In my previous post I asked what my readers would like me to write about. I realized later that I would be in big trouble if I got no reply. Would that mean that no one is interested in what I say? Or they don’t care? Or what if I have no readers that day? Would reposting the question be too desperate? This could very well spell the end of my blog. But fortunately someone did reply. Phew, thanks, Hanneke, for averting my existential crisis!
So her question was: How do people respond when they hear I’m from the Netherlands?
Well, I’ve written a little bit about that in various posts, but let me try and sum it up.
Some people cheerfully say that they’re also Dutch, or Irish, or Swedish, when they’re obviously not–their great-grandparent was. Click here for more on that.
Outside of cities, some people give me a blank look because they have no idea what my answer means when they ask me where I’m from.
Some people say that they knew it, they would recognize that typical Dutch accent anywhere. (I don’t have a typical Dutch accent).
Some people say they thought I was Australian (which I consider a compliment because it means I still have a bit of the Aussie accent forty years later) and some say they thought I was South-African (which I didn’t consider a compliment before Mandela was released and I was consistently boycotting the place by not buying Shell gasoline for my bicycle, but post-apartheid I suppose it’s okay, sort of, maybe).
Some younger Americans grin and start talking about the coffee houses in Amsterdam in a nudge-nudge, wink-wink, know-what-I-mean kind of way, and older Americans will sometimes bring up the coffee houses in a more disapproving way. In both cases I either take the time to explain in a haughty tone that American tourists are the main users of those Amsterdam coffee houses, and that most of us don’t smoke pot, and that that just goes to show that the American war on drugs has an adverse effect, or I don’t, depending om my mood, the amount of time I have, or how hard T is janking me away.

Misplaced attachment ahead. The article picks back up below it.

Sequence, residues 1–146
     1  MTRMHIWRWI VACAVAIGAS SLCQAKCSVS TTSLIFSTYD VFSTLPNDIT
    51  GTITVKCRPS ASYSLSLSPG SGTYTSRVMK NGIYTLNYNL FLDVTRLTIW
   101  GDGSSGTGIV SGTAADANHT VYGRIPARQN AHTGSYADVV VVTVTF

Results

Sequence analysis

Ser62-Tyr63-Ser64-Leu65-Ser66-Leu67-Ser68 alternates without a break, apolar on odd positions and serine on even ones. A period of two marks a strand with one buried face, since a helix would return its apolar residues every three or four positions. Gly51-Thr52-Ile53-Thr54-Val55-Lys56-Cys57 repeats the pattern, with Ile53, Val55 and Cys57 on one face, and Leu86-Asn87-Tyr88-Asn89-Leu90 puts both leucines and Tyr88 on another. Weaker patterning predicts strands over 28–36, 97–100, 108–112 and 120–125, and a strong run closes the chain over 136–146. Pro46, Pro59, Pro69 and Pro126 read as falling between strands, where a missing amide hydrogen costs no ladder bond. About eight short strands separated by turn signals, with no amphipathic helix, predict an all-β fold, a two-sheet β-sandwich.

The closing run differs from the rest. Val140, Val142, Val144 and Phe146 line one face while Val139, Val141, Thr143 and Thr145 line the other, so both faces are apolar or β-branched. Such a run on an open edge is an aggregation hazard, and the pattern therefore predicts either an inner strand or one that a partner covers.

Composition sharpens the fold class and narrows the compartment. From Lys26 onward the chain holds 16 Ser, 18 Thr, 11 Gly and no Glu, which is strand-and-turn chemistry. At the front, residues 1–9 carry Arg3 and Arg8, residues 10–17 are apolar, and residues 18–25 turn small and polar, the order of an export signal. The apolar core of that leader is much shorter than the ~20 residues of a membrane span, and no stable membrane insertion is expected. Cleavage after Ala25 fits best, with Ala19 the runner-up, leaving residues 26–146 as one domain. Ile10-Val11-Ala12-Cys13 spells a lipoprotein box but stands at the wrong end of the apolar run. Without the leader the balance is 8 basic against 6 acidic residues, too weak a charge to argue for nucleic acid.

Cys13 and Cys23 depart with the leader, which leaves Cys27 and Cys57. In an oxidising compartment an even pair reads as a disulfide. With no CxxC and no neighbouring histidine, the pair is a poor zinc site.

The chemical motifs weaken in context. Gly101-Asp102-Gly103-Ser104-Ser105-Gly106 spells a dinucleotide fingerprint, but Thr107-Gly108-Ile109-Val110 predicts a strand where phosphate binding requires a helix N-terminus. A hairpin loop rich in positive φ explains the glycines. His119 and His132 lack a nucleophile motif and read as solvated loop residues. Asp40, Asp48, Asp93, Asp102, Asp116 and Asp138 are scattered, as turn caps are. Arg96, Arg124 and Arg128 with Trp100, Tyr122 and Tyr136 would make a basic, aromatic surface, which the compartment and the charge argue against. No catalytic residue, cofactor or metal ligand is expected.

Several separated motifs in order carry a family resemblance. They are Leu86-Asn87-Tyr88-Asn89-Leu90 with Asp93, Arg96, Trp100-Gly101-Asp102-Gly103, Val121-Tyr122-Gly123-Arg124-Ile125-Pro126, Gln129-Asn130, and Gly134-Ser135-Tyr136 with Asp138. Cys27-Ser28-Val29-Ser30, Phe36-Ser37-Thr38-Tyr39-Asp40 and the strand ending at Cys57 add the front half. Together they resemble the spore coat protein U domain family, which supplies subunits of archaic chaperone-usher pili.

Some men say they were stationed in Germany and enjoyed visiting the Netherlands, and they’ll mention places they’ve been. These are actually nice conversations.
Of course, when people ask where I’m from, I say that I’m Dutch, and then quickly add that I’m from Holland, or the Netherlands, because otherwise they might ask if being Dutch means I’m from Germany or Denmark.
Or someone will ask if I’m German and when I tell them that no, I’m from the Netherlands, they’ll say “Close enough, right?” Nowadays I usually just respond with one of my famous “Hm’s”. If you want to know why that’s a loaded question, click here and prepare to spend some time.
Occasionally I’ll get an obnoxious guy who asks if I wore clogs and lived in a windmill, hahaha, but not that often now that I live in Austin. (Although I did wear clogs in the 70s, because, when worn with mukluks and an Afghan dress, it was a Dutch hippie statement (don’t ask), and I did live in a house built in 1607.)
Not long after I had emigrated/immigrated, and I was feeling miserable and intensely alien, T and I met some vague acquaintances when we were at South Padre Island. We ended up having dinner with them. One of the ladies sitting next to me asked me where I was from. When I told her, she said that her son was traveling in Europe right now. I asked her how he liked it and she said he really missed having ice cubes in his drinks. She added that that’s the great thing about traveling, isn’t it, that you come home and really appreciate your own country so much more. Yep, America, land of the the ice cubes, home of the intrepid travelers to places where they serve unchilled drinks.